A common phrase on many Recruiting Companies' websites today is "Executive Search and Staffing," but is that really the true?  Let's think about it for a minute. If your firm does "Executive Search," your fees are quite large. So why then would you do a search for a position that pays a small fraction by comparison?  I believe that recruiting firms are essentially limited to whatever the lowest form of search that their websites promotes and THATS it!  If they are a Staffing Company, they may occasionally do a "Permanent Placement," but it isn't what they do regularly. Oh sure, they wish to one day do Executive Search, but they don't. It would be as if a Real Estate agent who brokers High End Homes and they dabbled in  studio apartment rentals? It is one of the Big Fibs of the industry. With a Wink and  Nod, everyone puts the language of what they hope to become one day. However, there is no way that anyone who tastes the "Juicy Steak" of Executive Search is going to settle for the "fast food" of Staffing again! 

I honestly have nothing against people in the staffing business. It is an honorable business. It just isn't Executive Search, and it has to be called what it is.  As I have been saying for a while, the industry needs to have very clear distinction between the different types of Staffing, Contingency Recruiting, and Retained Executive Search. There is a stark contrast between these so let's stop blurring the lines. People get upset when they are confronted by this truth, but it will help everyone if we demystify it and remove the ambiguity surrounding this issue. They actually have very little in common.  

Let the rants begin... 

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A Peculiar Perspective from a "Would be Client" Part 1

Today I received a call from an Executive Assistant with a $160mm Medical Device company asking if I had 30 minutes today to speak with the President of the company. Upon returning the call I was on the phone with the President within seconds. He told me that he was referred to me by a CEO who I had placed a few years ago with another Medical Device company and whom he had previously worked. He shared with me the critical nature of "confidentiality" and I reassured him that I understood the sensitivity of the situation. He went on to describe the profile of the ideal candidate to replace the incumbent. He used all the typical cliche's one uses to describe the "ideal" Vice President of Sales. One who can really impact the organization positively and "advance the ball." This search was right in my wheelhouse and I assured him that it was a search that I could deliver on effectively. I described my background to him to allow him to gain comfort with my knowledge of his space and my ability to identify who they need quickly. He was asking all the right questions so I explained how I work. He was obviously in a hurry to get this moving as soon as possible. He was in such a hurry to get this search going that he asked me to forward a copy of my agreement so that he could send it to HR for approval. What he didn't know was that I had actually conducted the same exact search for the same company on retainer exactly two years previously. After I presented my candidates and they were each interviewed, they ultimately hired an internal candidate for the role. I explained that a few months ago I placed the VP of Sales of a direct competitor who is almost identical in size. When the call ended, I was under the distinct impression that this was a "done deal." Within 90 minutes my phone range again only this time is was the VP of HR. She was very typically stiff and and all about business when she began asking me to explain some of the details in my agreement. She said that she wasn't sure if her President really understood that my agreement was a "retained search" and "confidential." I explained that this was the only way that I worked and referred to the previous search that I had conducted two years ago and she informed me that she had a copy of my original agreement from two years ago. She explained that her President had "other contingency firms" working on it simultaneously due to the urgency of the project.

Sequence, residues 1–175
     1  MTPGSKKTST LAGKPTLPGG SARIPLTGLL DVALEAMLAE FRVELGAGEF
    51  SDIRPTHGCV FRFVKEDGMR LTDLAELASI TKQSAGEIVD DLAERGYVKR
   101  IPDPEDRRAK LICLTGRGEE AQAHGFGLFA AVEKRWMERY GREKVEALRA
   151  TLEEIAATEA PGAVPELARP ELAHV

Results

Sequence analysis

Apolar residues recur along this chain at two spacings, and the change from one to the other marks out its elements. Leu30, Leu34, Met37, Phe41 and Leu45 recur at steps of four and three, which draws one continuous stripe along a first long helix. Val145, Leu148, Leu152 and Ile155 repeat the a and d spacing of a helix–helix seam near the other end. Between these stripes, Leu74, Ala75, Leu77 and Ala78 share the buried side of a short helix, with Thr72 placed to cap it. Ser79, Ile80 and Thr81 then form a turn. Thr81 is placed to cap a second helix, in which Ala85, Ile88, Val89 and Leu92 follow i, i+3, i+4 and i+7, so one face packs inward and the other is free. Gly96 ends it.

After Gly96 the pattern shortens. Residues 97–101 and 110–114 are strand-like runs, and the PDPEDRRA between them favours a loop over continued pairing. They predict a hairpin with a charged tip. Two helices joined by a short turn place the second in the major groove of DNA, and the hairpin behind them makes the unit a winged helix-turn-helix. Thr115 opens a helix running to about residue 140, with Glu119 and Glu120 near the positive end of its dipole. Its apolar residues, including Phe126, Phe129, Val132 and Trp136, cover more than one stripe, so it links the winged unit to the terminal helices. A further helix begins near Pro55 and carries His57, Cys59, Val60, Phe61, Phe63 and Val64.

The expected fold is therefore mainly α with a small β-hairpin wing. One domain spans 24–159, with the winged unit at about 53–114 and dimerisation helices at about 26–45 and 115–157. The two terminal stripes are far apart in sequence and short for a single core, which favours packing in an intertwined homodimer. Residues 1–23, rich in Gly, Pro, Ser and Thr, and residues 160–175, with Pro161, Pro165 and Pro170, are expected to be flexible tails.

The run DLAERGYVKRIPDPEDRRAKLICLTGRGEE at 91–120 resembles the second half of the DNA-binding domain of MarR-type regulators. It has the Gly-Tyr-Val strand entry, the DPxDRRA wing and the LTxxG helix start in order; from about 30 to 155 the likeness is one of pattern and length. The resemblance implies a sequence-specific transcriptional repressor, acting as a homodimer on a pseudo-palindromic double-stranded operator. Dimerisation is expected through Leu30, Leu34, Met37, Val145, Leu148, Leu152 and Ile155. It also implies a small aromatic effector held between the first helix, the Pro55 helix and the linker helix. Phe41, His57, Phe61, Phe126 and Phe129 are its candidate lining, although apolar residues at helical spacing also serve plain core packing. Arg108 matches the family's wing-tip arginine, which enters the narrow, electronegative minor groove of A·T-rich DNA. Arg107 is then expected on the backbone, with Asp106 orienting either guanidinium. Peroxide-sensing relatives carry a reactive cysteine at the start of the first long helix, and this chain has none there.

She then began asking me specific questions about my fees and terms. Usually this is what I would call a "buying sign," but I sensed that she was merely trying to work me down. Since she told me that her President was already working with other firms. So, here is where I had a decision to make. Either I try to sell her on all the merit behind my fees and my terms, and I did that to some degree. However, I was convinced that the President was the decision maker , so I decided to tell her that I should speak with the President to explain my terms. I have been down this road before several times and I am convinced that it is far easier to work from the Top Down than up.

Once again, we are dealing with an executive who fails to understand how a contingency search undermines his process and severely compromises the outcome. What he can expect from having multiple contingency recruiters working on this search is this:

A. The Same Candidates May be Presented by Multiple Recruiters - Possibly costing double fees or potentially legal fees.

B. Candidates Misrepresenting themselves - Because they "Need" your job.

C. Only Accessing "Easy to Find" Candidates - Most of the best people will never even hear about your job.

D. You Have No Commitment or Accountability from your Recruiter

E.- Z. What other potential problems does a contingency search bring?